Michal Bednarek ©123RF.com

By Milad Bahrami, Vice President of HHS Operations at General Dynamics Information Technology

These past few months have changed the world. For those of us who work in Government contracting, historically the need for our services and products have continued even through disruptive events such as hurricanes, budget cuts or political shifts, because the Government continued to operate. The cadence of holding client meetings, networking and attending conferences—all staples in our day-to-day work lives—remained steady throughout these downturns.

What we never imagined was COVID-19, and how this global pandemic would seismically shift how we have to work. Even as businesses now begin to reopen and employees start to go back to the office, teleworking and social distancing will remain. Now more than ever we need to be more strategic, efficient and focused on serving our critical Government customers.

The last few months have been an experiment in how to keep delivering. For those of us in Healthcare, our work becomes even more critical. I have been fortunate to lead teams across HHS from CDC to FDA to IHS that have been working to support COVID-19 response efforts. I’d like to share three critical learnings from this historic year:

How we Work has Shifted Dramatically; What We do Remains the Same

The most important qualities that we can demonstrate are flexibility and focus—to help ensure that our customers are able to deliver on the incredible missions that each of them have.

From a day-to-day perspective, we have had to learn how to interact with clients, teammates, employees and colleagues in a virtual manner. The conversation that you used to be able to have for five minutes before a meeting can’t happen any longer, which has translated to more meetings and emails.

Yet in the midst of all of this change, our focus to the mission of Federal health remains the same. The FedHealth community has continued to prioritize our customers’ needs by supporting them as they adapt to new demands from emergency use authorizations at the FDA, to a surge in emergency response support at the CDC.

Collaboration is More Critical than Ever

We all know the importance of collaboration in the workplace, but it is even more critical in this virtual environment. There is definitely no shortage of tools to utilize—from Skype to Zoom, Teams and many others—but it’s our approach to these tools that will define how productive we are.

Many of the key elements of leading a successful meeting have become even more critical.

  1. Establish objectives for meetings and have the right attendees. Ensure that everyone is clear on what is to be accomplished.
  2. Be mindful of meeting length. We all have a limit on how much screen time we are able to endure and still be productive. Whole day and half day meetings are hard to begin with but made even more difficult behind a computer screen no direct human interaction. Therefore, you should think strategically about key meetings and how best to conduct them to be respectful of these challenges.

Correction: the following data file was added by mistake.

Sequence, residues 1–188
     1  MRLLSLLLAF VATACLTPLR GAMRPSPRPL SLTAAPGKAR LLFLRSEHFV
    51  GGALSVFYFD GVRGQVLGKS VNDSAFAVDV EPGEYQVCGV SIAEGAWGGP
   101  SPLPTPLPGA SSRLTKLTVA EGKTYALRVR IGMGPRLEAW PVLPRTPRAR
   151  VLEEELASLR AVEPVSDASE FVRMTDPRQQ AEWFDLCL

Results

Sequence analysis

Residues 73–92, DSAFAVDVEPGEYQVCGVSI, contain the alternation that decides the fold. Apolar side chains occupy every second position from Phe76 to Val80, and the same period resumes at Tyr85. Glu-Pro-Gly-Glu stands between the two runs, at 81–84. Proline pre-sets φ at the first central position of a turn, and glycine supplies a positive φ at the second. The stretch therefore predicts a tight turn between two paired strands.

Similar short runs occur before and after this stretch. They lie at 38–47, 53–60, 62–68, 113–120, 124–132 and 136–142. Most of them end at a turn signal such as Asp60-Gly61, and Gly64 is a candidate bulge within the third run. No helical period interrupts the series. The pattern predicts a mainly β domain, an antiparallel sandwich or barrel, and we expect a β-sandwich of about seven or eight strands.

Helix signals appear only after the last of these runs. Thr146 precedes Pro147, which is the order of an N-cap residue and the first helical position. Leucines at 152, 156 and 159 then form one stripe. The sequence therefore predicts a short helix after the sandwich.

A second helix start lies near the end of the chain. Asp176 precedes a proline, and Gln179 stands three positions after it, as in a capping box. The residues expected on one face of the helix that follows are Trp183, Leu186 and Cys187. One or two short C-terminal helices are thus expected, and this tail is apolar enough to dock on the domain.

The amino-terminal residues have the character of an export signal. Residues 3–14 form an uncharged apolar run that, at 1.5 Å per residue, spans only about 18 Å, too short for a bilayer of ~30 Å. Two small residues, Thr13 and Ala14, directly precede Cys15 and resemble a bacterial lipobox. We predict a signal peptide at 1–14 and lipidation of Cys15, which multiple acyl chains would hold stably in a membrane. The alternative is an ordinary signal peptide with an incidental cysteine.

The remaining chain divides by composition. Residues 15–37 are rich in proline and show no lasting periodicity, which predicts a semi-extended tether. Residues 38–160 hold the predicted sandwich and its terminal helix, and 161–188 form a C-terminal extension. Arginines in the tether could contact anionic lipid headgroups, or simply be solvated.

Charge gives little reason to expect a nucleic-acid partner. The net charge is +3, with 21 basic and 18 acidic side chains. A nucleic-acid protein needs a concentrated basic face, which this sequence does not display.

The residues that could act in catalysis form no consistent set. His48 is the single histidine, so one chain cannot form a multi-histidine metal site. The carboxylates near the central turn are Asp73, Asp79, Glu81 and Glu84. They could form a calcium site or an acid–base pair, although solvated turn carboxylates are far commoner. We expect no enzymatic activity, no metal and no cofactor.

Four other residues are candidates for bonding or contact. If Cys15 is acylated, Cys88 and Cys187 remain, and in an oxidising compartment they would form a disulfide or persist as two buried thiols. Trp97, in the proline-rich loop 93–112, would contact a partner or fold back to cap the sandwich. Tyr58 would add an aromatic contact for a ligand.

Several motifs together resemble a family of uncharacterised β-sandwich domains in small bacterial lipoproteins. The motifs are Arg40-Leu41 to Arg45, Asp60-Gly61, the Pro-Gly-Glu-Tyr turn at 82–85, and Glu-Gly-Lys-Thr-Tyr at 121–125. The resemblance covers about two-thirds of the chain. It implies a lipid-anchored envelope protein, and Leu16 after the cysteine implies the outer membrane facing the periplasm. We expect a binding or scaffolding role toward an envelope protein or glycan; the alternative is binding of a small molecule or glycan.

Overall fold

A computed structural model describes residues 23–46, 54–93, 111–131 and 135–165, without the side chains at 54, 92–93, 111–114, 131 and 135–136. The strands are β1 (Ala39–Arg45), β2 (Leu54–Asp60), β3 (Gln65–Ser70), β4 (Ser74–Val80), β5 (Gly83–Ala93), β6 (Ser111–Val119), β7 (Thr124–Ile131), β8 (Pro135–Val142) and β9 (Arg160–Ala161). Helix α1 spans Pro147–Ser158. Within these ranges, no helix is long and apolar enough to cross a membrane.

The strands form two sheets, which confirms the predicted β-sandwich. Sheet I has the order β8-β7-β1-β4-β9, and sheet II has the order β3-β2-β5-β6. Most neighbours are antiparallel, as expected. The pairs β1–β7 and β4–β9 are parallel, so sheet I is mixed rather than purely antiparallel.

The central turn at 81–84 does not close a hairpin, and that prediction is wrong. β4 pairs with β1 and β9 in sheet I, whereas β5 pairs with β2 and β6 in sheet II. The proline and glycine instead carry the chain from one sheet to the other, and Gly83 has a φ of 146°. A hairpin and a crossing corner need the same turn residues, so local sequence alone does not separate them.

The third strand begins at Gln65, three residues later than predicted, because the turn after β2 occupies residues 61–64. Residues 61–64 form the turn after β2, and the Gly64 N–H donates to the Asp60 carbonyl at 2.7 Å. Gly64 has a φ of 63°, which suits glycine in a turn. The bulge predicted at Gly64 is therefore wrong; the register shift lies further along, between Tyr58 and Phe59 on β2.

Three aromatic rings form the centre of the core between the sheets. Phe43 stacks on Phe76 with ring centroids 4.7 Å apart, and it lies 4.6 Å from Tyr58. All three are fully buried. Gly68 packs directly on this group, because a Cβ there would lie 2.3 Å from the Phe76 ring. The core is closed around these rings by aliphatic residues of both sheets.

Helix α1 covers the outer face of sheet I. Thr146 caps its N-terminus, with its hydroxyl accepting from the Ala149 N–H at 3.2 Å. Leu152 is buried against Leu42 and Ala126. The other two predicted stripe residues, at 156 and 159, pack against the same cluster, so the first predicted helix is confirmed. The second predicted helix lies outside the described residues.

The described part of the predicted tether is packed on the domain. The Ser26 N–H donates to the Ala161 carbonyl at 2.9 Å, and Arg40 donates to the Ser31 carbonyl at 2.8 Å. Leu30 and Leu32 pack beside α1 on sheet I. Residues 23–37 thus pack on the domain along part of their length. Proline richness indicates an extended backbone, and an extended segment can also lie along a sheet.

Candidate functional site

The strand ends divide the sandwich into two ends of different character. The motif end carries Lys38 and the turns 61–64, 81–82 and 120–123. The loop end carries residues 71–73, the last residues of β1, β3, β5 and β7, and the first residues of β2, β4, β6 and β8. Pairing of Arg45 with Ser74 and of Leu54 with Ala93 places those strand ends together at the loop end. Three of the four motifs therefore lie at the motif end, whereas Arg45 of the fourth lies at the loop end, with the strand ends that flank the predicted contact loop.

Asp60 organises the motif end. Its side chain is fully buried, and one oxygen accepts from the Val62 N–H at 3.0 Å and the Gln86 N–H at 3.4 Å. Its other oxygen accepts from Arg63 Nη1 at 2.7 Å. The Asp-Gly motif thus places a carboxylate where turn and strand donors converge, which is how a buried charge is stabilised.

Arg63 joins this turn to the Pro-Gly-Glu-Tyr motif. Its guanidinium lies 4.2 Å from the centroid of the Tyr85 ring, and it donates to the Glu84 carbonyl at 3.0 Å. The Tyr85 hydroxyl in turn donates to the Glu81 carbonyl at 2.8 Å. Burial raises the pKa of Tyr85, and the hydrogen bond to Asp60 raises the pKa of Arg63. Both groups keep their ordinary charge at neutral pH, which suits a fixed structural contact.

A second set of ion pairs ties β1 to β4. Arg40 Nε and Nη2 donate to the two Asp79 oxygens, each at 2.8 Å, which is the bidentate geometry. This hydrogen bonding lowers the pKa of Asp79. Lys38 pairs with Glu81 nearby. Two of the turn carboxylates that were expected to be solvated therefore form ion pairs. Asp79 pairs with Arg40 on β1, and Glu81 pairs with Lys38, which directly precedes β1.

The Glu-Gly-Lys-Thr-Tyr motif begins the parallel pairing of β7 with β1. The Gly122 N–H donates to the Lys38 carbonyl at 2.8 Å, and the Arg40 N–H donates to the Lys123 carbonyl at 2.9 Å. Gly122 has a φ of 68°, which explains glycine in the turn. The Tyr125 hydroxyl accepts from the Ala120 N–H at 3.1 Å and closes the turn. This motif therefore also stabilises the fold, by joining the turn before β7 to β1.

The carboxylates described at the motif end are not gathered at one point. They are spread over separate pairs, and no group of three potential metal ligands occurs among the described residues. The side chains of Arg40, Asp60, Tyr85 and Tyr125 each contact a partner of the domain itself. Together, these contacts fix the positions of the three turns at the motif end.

While keeping these different recommendations in mind, we can’t let communication and collaboration cease. It is fundamental to what we do, and it’s been heartening to see organizations, customers and the FedHealth community embrace flexibility. As evidence, we are seeing more and more virtual events, from webinars to the FedHealth IT Innovation Awards.

Technology must Enable the Sharing of Data

At GDIT, we work closely with our customers to help them with COVID-19 related challenges. One prevailing topic that is always paramount is the accessibility to data. As we start to expand contact tracing, we see how important it is to be able to share State and Federal health data. Similarly, the ability to share data between health agencies and also transfer data within an agency is critical.

There is an abundance of technology that can help with accessing and providing meaningful insights with data, but change management and the human aspects remain a challenge. This could be the time where many of those barriers come down, and we are able to access and leverage the data for better health outcomes.

These are definitely challenging times but also an opportunity to come together as organizations and the broader Federal health community to help move many key initiatives forward and bring our country out of this historic public health crisis.

About Milad Bahrami

Milad Bahrami is a seasoned Federal IT industry expert with over 20 years of experience in both the public and private sectors of the Federal Government. Milad is currently the Vice President of HHS Operations at General Dynamics Information Technology (GDIT). He works with executive leaders at HHS to ensure GDIT is helping to improve IT effectiveness and delivery of enterprise-level results at HHS.

He is a former Division Director with the National Institutes of Health (NIH) Business Applications Services organization within the Center for Information Technology, a former U.S. Food and Drug Administration (FDA) CDER IPT Manager, and a former Enterprise Reporting Manager with the U.S. Department of Justice. He has earned an NIH Director’s Award and was named as one of the FedHealthIT100.

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